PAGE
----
Wed the 24th
As I have traveled teaching photography, in Rwanda, Nepal, Haiti, and now Cameroon, this is a common message from the women and girls I meet. Based on their experience and what they see around them, photographers are men and so most of the reporters never thought of photography as something they would pursue. When a reporter here told me “I thought only men were photographers”, it was after a day of photo training, when we had looked at a lot of photography and photo essays and they had begun to see the power of images and were realizing that this could be another form of communication for them and a new tool to tell their stories. It’s so exciting to watch that light go on when they discover that they can and will be photographers and that they will be able to harness the power of visual storytelling.
The reporters of the GPI newsdesk in Cameroon with their new cameras
I am very grateful to Pro Photo Supply for their continuing support of my work and for becoming the equipment sponsor for our Cameroon desk by donating the cameras our reporters will be using here. Nakinti, Irene, Comfort and our newest reporter Mosina, live and work in different towns so it was essential that they all have their own cameras. It will allow them to be able to take photographs for every story, increasing the impact of their work.
GPi reporters during the photojournalism training in Cameroon
We continue to tweek the original curriculum that I had put together, as we learn about new challenges our reporters face, additional skills we want them to have, or when we find better approaches to some things. One of the recurring issues we are seeing and realizing we need to address more, while true for photographers everywhere, seems to be even more of an issue in many of the reporters’ communities, and that is the difficulty in finding a comfort level with photography, both in taking the pictures and in trying to make their subjects comfortable.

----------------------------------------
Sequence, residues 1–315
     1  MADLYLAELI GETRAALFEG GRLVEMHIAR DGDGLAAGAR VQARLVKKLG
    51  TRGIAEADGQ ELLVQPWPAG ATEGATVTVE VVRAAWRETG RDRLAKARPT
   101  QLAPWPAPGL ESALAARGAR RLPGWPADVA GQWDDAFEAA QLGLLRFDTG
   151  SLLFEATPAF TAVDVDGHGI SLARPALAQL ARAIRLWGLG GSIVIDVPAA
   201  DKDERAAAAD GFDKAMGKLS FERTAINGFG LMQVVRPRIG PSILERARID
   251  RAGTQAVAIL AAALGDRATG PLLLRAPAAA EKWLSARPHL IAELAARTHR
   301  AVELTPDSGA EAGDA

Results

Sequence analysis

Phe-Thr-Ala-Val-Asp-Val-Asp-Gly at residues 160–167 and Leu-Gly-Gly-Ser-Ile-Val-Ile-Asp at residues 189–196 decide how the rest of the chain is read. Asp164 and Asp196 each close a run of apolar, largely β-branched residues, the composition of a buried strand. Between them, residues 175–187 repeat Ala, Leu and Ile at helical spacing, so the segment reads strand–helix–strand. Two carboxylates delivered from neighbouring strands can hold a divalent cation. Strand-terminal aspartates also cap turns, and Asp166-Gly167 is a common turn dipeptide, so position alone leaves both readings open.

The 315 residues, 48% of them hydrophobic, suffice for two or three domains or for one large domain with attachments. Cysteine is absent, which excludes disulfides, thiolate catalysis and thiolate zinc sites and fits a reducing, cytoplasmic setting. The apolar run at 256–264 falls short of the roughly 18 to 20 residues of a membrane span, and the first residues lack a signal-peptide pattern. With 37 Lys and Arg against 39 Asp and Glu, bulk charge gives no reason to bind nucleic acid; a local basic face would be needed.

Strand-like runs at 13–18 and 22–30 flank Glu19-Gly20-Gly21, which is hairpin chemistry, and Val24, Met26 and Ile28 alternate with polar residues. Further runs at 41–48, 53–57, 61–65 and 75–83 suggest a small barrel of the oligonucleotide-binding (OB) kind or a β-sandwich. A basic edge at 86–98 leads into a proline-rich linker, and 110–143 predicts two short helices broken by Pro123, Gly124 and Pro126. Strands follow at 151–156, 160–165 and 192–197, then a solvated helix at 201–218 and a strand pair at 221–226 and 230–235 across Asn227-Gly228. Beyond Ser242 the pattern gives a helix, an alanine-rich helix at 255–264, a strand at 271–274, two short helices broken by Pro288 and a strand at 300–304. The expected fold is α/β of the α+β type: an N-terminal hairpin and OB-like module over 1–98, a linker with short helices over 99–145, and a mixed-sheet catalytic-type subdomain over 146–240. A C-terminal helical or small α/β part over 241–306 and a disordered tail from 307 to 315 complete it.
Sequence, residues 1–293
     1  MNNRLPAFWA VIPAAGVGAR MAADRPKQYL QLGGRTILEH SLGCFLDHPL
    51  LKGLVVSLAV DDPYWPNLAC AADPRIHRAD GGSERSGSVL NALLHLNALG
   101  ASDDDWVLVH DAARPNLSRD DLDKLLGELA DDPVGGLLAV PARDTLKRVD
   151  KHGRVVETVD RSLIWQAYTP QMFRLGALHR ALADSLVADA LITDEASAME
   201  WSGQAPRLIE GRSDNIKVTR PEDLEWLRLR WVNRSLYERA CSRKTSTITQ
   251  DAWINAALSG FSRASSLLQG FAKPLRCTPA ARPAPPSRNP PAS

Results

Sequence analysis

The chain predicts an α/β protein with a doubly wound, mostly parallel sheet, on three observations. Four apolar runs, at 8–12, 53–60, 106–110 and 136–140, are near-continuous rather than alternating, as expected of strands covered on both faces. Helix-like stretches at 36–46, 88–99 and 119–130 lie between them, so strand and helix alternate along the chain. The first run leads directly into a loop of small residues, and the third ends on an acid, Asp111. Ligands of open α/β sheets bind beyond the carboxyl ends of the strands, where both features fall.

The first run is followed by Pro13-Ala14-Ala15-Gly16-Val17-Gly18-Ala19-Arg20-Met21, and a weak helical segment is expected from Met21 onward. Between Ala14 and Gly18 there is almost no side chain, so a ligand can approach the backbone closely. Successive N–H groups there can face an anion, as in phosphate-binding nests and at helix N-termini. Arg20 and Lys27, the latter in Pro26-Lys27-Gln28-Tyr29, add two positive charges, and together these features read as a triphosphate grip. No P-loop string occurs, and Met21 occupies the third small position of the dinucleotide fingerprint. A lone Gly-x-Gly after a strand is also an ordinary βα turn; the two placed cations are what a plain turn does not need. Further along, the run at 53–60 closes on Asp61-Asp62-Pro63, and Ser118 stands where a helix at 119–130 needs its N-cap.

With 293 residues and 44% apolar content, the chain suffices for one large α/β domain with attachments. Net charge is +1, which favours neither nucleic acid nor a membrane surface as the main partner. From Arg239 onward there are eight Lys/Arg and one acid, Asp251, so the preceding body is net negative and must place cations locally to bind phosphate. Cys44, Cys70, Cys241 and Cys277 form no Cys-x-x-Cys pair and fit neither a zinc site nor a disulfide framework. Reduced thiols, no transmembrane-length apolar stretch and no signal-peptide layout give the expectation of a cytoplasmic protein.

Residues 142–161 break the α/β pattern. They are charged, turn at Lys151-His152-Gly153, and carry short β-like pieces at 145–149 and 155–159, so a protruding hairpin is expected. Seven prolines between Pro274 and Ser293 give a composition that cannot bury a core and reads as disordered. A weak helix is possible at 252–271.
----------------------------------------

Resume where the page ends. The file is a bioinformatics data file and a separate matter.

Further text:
Cameroon reporter Nakinti taking photographs for one of her stories
In Haiti reporters told us that they wouldn’t be allowed to take pictures, because people were generally suspicious of why you were taking it and what you would do with it. I think they were surprised when we went to a local hospital to do a workshop and we had people lined up wanting to have their picture taken, and it was a good lesson not to assume that your subject will protest. But I know that they and reporters at other desks have faced a number of difficult shooting situations, and it’s true that these are sometimes challenging environments in which to make pictures, in part because photography isn’t nearly as prevalent, in some cases there are cultural objections to photography, and there is not a paparazzi culture as we have in the US, where you know there is a possibility of having your picture taken around any corner. So like photographers everywhere, the reporters are learning to negotiate those spaces, to find their own comfort level in photographing people and to teach their subjects about why they need to spend significant amounts of time taking their pictures, rather than just the quick snap shot that they are usually expecting.